May 11, 2012

The New York Times shows Tumblr its basement


Jeff Roth: Keeper of the Morgue

Here’s the first couple paragraphs from a recent article about a basement. Not just any basement, a New York Times basement, otherwise known as “the morgue,” where more than 150 years’ worth of photographs and newspaper clippings are stored.

To get here, one must leave the shiny glass tower that is the 40th Street headquarters of the New York Times, walk a half-block down the street and descend three levels below the sidewalk. Here, in a nondescript tower, she will emerge from a dirty elevator, walk past a janitor’s closet, a giant, rusted pump contraption with running water and finally reach a pair of metal doors. There are glue traps with belly-up cockroaches in the corner.

“I swear, we haven’t taken you to a torture chamber,” a Times photo editor quips, as she walks through the double doors.

There is no computer in the morgue. No Internet service. No cell reception. If a person were to die here – perhaps by an improperly secured two-ton cabinet – it’s safe to say it would take days for anyone to find his body.

Welcome to the most extensive archives repository of the most respected newspaper in the world.

The article goes on to describe the morgue’s metal file cabinets, historical relics, and its well-dressed, nimble-minded caretaker. All interesting stuff, to be sure. Equally interesting is the outfit behind the article: Tumblr.

Most of us have heard of Tumblr’s new Department of Editorial, which oversees Storyboard, which is geared toward telling stories that can reach the social site’s millions of dedicated, enthusiastic users.

Storyboard is a regular collection of features highlighting talented creators and their work, as found within and around the massively diverse Tumblr community. Produced by the Department of Editorial, these stories are told with words, pictures, video, music, charts, animation, or any other voice these creators choose to speak with.

There’s never enough time or space to tell every story, but there are many ways to tell it. If you’re interested in submitting a story or story idea to Storyboard, just create a Tumblr post with the #storyboard tag. Our editors will read them all — liking, replying, reblogging, or promoting the cool, creative, and compelling stuff. And if the story seems really good, we may ask to tell it here.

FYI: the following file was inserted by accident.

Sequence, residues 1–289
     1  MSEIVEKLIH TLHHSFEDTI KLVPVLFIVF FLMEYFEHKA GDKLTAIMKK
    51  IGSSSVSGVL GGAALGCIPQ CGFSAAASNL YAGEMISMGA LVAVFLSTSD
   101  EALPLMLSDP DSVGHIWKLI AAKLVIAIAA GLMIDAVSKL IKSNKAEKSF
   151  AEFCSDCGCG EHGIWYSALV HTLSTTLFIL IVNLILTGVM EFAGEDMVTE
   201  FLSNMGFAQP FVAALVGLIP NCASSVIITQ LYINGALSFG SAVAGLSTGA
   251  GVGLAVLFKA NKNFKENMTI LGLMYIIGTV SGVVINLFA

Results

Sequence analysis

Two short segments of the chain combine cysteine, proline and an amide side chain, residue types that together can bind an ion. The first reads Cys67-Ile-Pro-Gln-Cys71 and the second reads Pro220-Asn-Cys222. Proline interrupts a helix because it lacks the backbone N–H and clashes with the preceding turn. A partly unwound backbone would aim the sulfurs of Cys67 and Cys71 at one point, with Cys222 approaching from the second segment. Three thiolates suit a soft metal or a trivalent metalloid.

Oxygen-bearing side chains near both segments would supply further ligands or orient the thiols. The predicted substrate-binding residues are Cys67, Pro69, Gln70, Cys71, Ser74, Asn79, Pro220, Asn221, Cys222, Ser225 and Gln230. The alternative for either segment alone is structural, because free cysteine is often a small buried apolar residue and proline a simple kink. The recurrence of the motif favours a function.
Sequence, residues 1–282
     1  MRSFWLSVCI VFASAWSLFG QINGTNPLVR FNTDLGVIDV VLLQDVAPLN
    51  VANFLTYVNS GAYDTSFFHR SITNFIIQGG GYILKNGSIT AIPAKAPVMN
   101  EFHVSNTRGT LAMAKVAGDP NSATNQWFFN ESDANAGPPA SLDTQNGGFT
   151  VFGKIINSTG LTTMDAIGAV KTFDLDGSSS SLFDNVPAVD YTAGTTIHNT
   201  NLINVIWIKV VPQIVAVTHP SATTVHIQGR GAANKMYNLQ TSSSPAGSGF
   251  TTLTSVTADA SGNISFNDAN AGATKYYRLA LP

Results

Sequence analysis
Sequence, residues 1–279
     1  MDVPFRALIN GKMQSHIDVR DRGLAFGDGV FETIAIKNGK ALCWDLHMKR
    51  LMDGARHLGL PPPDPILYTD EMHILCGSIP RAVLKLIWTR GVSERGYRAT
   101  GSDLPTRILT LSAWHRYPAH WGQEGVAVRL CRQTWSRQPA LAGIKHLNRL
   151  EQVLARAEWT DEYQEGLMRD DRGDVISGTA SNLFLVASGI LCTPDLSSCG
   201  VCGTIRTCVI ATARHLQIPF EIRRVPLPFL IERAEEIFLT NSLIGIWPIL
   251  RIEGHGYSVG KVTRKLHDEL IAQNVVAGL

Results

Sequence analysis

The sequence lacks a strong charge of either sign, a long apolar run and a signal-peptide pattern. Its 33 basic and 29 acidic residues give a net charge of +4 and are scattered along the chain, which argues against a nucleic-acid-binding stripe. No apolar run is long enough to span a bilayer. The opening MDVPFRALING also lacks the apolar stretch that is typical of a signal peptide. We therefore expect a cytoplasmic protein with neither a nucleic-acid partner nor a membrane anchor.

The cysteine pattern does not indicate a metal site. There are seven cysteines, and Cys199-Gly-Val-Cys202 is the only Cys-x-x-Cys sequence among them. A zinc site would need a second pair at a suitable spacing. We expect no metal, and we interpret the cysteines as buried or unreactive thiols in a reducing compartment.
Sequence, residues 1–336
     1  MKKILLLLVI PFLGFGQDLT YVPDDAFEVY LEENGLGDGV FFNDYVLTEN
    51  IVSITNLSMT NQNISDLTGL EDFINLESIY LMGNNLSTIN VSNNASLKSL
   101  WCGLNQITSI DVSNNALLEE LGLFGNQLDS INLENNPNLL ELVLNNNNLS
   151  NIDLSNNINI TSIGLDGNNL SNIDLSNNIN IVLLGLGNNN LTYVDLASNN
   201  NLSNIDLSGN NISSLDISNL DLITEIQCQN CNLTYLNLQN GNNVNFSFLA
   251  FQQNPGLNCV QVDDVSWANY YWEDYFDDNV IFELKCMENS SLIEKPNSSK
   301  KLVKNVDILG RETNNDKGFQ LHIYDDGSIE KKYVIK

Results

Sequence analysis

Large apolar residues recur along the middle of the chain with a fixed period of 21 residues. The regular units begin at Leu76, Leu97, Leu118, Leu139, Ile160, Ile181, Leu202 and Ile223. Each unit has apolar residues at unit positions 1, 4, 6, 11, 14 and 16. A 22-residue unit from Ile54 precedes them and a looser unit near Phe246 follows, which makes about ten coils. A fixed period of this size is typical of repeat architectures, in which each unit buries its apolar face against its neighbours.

The article posits that the Time’s Lively Morgue Tumblr is breathing new life into the morgue, which for years has been a financial suck:

The morgue may conjure images of decay and death in its name — dead stories, dead politicians, the death of, dare we say, print — but to anyone who’s had the luck of spending any time in it, its value is clear: a place of living, breathing history that remains untouched by time.

Saving graces work in mysterious ways, however, and today, the morgue may be saved by the same force that for so long has threatened to kill it.

Since September 2010, the Lens blog at the Times has featured an occasional series of archival photos, dug up from the morgue by Times’ photo editor Darcy Eveleigh. From black-and-white images of Antarctica to the art of window washing, getting the photos print-ready took some work: the images had to be repaired for tears and cracks, retouched and scanned, markings erased, sometimes whited-out limbs had to be put back in.

After just a few entries, the series became so popular that it led to a knockoff site out of the San Francisco Chronicle. Readers began sending in their own photos. And suddenly, the word “morgue” — long forgotten around the newsroom — had found new life.

Lexi Mainland, the Times’ 33-year-old social media editor, heard about the project, and proposed a Tumblr, where the photos could have a permanent home. Six months later, the “Lively Morgue” was born, with new entries every week, spread virally throughout the web.

In some ways Tumblr’s decision to report stories happening within the Tumblr universe reflects contemporary culture’s solipsism. But by turning the lens inward, Tumblr enlarges the profiles of its users while broadening its own purpose. Just like newspapers have been doing for more than one hundred years.

Of course there’s many differences between then and now. Chief among them is rather than selling papers, Tumblr is banking on growing its user base, thus increasing overall value, simply by telling users stories about other users.

Welcome to the age of meta-journalism.




Kevin Murphy is the digital media marketing manager of Melville House.